‘Dr. Mabuse’ placed under house arrest for inciting doping in cycling

Bernard Sainz, alias Dr. Mabuse, has been sentenced to 12 months under house arrest for illegally practising medicine and pharmacology and inciting doping.

Bernard Sainz stands at the Paris courthouse during his trial in a cycling doping case, on January 17.   -  AFP

Former French cycling medical advisor Bernard Sainz, alias Dr. Mabuse, was sentenced on Monday to 12 months under house arrest with electronic monitoring for illegally practising medicine and pharmacology and inciting doping.

The 78-year-old was also banned for five years from working in health or sport, and must pay fines totalling EUR 41,500 (USD 47,000) to the French Cycling Federation (FFC), the Order of Physicians and the Order of Pharmacists.

Sainz - known as “Dr. Mabuse” after the 1922 film depicting a fake doctor and who describes himself as an alternative medicine therapist - said he would appeal the decision. The case follows an investigation by French television in June 2016, when Sainz was secretly filmed giving doping instructions to cyclists.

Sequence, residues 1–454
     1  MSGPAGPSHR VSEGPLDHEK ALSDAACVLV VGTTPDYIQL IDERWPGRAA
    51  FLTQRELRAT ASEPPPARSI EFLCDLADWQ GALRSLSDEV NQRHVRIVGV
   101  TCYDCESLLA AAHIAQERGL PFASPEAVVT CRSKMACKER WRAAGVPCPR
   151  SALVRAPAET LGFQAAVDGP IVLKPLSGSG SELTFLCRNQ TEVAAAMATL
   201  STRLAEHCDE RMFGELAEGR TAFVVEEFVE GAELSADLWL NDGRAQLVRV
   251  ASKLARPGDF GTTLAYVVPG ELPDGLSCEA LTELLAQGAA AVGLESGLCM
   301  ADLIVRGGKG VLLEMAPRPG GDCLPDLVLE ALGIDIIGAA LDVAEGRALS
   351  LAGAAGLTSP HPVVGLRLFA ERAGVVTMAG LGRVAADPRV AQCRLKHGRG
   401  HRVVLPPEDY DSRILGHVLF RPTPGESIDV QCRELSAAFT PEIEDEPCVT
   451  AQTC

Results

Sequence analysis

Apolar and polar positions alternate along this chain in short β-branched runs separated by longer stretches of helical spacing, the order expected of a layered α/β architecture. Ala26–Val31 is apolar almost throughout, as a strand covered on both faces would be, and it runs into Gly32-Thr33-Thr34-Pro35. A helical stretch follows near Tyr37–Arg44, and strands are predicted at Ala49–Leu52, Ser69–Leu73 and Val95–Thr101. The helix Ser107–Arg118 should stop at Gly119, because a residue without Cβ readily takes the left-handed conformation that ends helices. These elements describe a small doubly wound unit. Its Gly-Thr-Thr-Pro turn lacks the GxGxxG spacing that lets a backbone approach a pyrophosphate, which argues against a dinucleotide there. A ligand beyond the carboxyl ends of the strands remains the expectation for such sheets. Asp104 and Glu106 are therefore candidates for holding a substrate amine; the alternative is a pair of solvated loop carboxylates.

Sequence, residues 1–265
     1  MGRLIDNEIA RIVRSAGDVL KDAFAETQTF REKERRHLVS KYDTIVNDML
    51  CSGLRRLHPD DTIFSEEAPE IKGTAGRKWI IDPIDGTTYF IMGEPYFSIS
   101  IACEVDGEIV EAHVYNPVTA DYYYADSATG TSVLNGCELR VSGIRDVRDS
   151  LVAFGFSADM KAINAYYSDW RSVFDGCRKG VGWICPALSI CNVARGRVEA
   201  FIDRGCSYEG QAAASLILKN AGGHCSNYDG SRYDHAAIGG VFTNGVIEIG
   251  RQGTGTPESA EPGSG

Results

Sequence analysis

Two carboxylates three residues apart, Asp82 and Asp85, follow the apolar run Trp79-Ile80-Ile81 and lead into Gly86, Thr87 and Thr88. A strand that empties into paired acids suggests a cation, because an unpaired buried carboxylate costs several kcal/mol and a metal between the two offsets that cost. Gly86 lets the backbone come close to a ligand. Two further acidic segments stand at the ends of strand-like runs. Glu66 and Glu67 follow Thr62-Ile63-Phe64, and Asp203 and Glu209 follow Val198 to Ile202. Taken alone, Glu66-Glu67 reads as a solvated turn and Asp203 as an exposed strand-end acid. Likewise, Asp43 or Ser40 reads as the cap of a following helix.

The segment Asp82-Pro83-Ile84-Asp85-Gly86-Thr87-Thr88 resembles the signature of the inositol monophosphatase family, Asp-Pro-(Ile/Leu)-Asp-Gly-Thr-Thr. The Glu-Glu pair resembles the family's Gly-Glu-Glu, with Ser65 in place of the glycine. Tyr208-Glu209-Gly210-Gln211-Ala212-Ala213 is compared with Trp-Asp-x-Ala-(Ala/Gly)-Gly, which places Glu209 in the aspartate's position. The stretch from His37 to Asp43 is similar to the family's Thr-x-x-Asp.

During his trial last November, prosecutors had requested two years in prison and a EUR 30,000 fine.

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Sainz’s lawyer Hector Bernardini blasted Monday’s decision, saying it “satisfied no one.”

“The whole case stands on speculation and interpretation,” he said. “There is no seizure of doping products in this case.”

Meanwhile, Sainz insisted his alternative medical methods worked. “I helped many patients back to full health after traditional medical methods had failed,” Sainz said.

Sainz came into the spotlight during the 1998 Festina affair at the Tour de France during which police found a stash of performance-enhancing drugs in a team car, throwing the sport into turmoil. In 2013, he was fined EUR 3,000 in a case linked to horse doping.

The following year, he was sentenced to two years in prison, of which 20 months were suspended, for incitement to dope and practising medicine without a licence. “Our satisfaction is very relative because he has damaged the sport of cycling for 30 years,” said FFC lawyer Paul Mauriac after Monday’s decision.

“For 30 years he has incited, helped, facilitated young or old to dope. The damage is done, it’s irreversible. It’s still extraordinary that (Sainz) is surprised or even indignant that he is finally forbidden to carry out any activity having a direct link with medicine.”

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